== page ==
A number of schools across Japan have started to introduce more gender neutral uniform options for LGBTI students.
The move comes after LGBTI groups lobbied for student’s to be allowed to wear the uniform suited to the gender they identify with. It also comes after a 2015 notice from Japan’s Education Ministry to schools to improve their inclusion of LGBTI students.
A 2017 survey found that 50% of LGBTI students were bullied at school. That survey also found that of those bullied children, 70% said their teachers did nothing to help them.
‘Some students are embarrassed and cannot concentrate on their studies because of uniforms. In some cases, they stop going to school,’ Anri Ishizaki, head of FRENS, an organization supporting LGBT people told Japan Times.
‘Although uniforms are not the only factors tormenting them, it is a significant element as they are required to wear them all the time.’
Working on getting it right
One of the schools leading the charge was Kashiwanoha Junior High School. It’s in the Chiba prefecture about 60kms east of Tokyo.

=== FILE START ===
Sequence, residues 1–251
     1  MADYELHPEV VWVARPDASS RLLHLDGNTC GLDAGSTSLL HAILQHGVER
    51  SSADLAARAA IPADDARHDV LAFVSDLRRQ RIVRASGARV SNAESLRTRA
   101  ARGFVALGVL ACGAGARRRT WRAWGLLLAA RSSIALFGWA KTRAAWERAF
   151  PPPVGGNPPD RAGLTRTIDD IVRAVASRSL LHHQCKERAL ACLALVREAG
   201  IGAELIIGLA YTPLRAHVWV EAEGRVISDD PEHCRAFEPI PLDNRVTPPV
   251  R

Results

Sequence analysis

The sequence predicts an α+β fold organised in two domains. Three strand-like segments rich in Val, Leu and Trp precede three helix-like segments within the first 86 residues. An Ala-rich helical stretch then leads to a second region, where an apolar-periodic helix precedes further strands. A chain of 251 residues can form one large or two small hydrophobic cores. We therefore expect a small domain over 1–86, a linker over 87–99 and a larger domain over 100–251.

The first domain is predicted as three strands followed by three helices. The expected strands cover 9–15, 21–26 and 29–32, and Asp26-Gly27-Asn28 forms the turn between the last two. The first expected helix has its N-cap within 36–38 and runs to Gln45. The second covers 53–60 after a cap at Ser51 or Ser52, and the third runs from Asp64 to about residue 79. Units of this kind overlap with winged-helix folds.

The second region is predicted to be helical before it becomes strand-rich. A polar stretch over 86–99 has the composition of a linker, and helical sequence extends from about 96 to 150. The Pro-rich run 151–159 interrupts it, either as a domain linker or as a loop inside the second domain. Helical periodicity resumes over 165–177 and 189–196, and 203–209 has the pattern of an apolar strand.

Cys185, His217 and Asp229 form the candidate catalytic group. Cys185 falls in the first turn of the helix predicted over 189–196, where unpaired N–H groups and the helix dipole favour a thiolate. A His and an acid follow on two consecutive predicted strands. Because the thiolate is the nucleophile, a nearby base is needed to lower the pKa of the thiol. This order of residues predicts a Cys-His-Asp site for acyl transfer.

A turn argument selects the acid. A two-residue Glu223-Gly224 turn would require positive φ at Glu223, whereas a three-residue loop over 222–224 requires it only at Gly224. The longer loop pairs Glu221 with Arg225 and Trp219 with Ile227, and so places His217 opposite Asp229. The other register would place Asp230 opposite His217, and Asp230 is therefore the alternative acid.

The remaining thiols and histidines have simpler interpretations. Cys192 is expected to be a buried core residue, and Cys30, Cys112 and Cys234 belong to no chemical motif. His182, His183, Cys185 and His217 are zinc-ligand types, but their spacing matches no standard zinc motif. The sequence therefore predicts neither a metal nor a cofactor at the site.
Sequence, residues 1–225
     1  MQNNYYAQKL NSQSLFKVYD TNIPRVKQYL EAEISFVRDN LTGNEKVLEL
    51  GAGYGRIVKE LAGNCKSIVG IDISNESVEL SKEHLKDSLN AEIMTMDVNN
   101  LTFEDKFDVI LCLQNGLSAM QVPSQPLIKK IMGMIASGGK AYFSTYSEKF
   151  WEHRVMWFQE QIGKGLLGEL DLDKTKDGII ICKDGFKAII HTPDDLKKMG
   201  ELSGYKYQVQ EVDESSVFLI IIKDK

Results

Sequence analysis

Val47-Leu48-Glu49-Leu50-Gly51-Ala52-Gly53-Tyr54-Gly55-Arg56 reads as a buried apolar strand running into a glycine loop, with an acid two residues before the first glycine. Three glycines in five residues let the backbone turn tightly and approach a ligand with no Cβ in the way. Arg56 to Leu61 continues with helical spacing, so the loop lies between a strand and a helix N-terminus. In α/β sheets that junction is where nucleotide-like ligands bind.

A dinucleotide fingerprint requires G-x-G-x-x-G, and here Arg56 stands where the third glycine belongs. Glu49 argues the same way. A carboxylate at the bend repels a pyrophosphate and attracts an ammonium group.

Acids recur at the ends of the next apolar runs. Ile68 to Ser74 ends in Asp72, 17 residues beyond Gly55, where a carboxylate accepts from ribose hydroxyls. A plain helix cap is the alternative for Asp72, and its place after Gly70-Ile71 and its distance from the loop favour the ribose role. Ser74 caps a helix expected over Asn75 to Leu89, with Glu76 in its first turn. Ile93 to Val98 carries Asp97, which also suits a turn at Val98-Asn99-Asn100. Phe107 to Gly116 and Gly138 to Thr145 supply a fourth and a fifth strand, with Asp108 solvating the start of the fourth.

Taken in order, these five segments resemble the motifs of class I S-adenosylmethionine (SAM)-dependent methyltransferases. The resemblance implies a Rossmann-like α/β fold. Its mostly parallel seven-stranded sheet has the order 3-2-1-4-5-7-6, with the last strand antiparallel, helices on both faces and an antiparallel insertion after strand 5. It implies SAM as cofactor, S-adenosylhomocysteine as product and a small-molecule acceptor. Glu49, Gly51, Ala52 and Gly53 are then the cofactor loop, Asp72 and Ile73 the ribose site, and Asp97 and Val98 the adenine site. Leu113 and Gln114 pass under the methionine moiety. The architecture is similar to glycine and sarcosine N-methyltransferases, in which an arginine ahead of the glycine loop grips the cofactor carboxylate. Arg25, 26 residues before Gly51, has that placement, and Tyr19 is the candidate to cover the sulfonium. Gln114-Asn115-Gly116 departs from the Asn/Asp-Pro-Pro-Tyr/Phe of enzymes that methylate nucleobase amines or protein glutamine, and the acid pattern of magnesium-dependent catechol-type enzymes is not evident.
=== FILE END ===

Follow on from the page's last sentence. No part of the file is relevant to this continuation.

‘We thought it would be better to let students wear something they feel comfortable in if they have to struggle to come to school because of uniforms,’ said Koshin Taki, the school’s vice principal of Kashiwanoha Junior High.
‘We chose a subdued color and check patterns so the uniform would be suitable for any student.’
Students will be able to wear skirts or pants and ties or ribbons to go with blazers regardless of their gender identity.
Tombow Co – a clothing manufacturing company – started making gender neutral uniforms after the Education Ministry’s notice.
It said it had been experimenting with the most neutral approaches since then. It found students did not want to wear uniforms that clearly emphasize male and female shapes.
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